Preprints
https://doi.org/10.5194/npg-2021-7
https://doi.org/10.5194/npg-2021-7

  05 Mar 2021

05 Mar 2021

Review status: a revised version of this preprint was accepted for the journal NPG and is expected to appear here in due course.

Comparing estimation techniques for timescale-dependent scaling of climate variability in paleoclimate time series

Raphaël Hébert1, Kira Rehfeld2, and Thomas Laepple1,3 Raphaël Hébert et al.
  • 1Alfred-Wegener-Institut Helmholtz-Zentrum für Polar- und Meeresforschung, Telegrafenberg A45, 14473 Potsdam, Germany
  • 2Institut für Umweltphysik, Ruprecht-Karls-Universität Heidelberg, Im Neuenheimer Feld 229, 69120 Heidelberg, Germany
  • 3University of Bremen, MARUM – Center for Marine Environmental Sciences and Faculty of Geosciences, 28334 Bremen, Germany

Abstract. Characterizing the variability across timescales is important to understand the underlying dynamics of the Earth system. It remains challenging to do so from paleoclimate archives since they are more than often irregular and traditional methods to produce timescale-dependent estimates of variability such as the classical periodogram and the multitaper spectrum generally require regular time sampling. We have compared those traditional methods using interpolation with interpolation-free methods, namely the Lomb-Scargle periodogram and the first-order Haar structure function. The ability of those methods to produce timescale-dependent estimates of variability when applied to irregular data was evaluated in a comparative framework using surrogate paleo-proxy data generated with realistic sampling. The metric we chose to compare them is the scaling exponent, i.e. the linear slope in log-transformed coordinates, since it summarizes the behaviour of the variability across timescales. We found that for scaling estimates in irregular timeseries, the interpolation-free methods are to be preferred over the methods requiring interpolation as they allow for the utilization of the information from shorter timescale which are particularly affected by the irregularity. In addition, our results suggest that the Haar structure function is the safer choice of interpolation-free method since the Lomb-Scargle periodogram is unreliable when the underlying process generating the timeseries is not stationary. Given that we cannot know a priori what kind of scaling behaviour is contained in a paleoclimate timeseries, and that it is also possible that this changes as a function of timescale, it is a desirable characteristic for the method to handle both stationary and non-stationary cases alike.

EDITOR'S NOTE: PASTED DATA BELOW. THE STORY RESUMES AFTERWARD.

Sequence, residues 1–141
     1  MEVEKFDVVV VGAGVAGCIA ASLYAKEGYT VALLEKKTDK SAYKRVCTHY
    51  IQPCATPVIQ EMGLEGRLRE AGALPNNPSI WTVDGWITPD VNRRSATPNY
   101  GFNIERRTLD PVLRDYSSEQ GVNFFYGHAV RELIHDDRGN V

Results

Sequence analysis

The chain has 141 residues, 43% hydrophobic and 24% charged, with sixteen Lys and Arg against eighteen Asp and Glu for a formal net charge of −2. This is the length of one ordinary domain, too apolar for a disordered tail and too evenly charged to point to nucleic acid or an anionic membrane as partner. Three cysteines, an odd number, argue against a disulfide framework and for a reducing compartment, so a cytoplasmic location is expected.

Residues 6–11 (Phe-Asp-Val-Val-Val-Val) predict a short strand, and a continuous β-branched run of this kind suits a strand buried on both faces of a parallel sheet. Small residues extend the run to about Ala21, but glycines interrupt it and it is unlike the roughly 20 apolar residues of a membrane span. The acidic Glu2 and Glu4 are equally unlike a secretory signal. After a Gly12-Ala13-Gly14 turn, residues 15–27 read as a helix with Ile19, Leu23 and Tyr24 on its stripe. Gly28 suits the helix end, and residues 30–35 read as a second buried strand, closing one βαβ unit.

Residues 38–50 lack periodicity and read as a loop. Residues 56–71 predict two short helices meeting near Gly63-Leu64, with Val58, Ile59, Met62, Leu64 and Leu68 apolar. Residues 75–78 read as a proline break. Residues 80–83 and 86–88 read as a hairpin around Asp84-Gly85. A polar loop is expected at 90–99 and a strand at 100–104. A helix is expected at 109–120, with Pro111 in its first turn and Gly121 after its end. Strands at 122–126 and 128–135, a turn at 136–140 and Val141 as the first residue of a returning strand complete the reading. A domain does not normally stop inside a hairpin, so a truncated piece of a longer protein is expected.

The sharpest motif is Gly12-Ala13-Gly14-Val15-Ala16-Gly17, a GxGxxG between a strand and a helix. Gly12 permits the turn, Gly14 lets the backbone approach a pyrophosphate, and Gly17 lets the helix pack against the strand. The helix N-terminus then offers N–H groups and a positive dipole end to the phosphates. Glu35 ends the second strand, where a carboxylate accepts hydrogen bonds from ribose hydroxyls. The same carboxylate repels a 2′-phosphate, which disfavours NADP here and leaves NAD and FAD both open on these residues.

Raphaël Hébert et al.

Status: closed

Comment types: AC – author | RC – referee | CC – community | EC – editor | CEC – chief editor | : Report abuse
  • RC1: 'Comment on npg-2021-7', Anonymous Referee #1, 01 Apr 2021
    • AC1: 'Reply on RC1', Raphael Hébert, 03 May 2021
  • RC2: 'Comment on npg-2021-7', Anonymous Referee #2, 01 May 2021
    • AC2: 'Reply on RC2', Raphael Hébert, 03 May 2021

Status: closed

Comment types: AC – author | RC – referee | CC – community | EC – editor | CEC – chief editor | : Report abuse
  • RC1: 'Comment on npg-2021-7', Anonymous Referee #1, 01 Apr 2021
    • AC1: 'Reply on RC1', Raphael Hébert, 03 May 2021
  • RC2: 'Comment on npg-2021-7', Anonymous Referee #2, 01 May 2021
    • AC2: 'Reply on RC2', Raphael Hébert, 03 May 2021

Raphaël Hébert et al.

Model code and software

RScaling Raphaël Hébert https://bitbucket.org/RphlHbrt/rscaling/src/master/

Raphaël Hébert et al.

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Short summary
Paleoclimate proxy data is essential to broaden our understanding of climate variability. There remains however challenges for traditional methods of variability analysis to be applied to such data which is usually irregular. We perform a comparative analysis of different methods of scaling analysis, which provide variability estimates as a function of timescales, applied to irregular paleoclimate proxy data.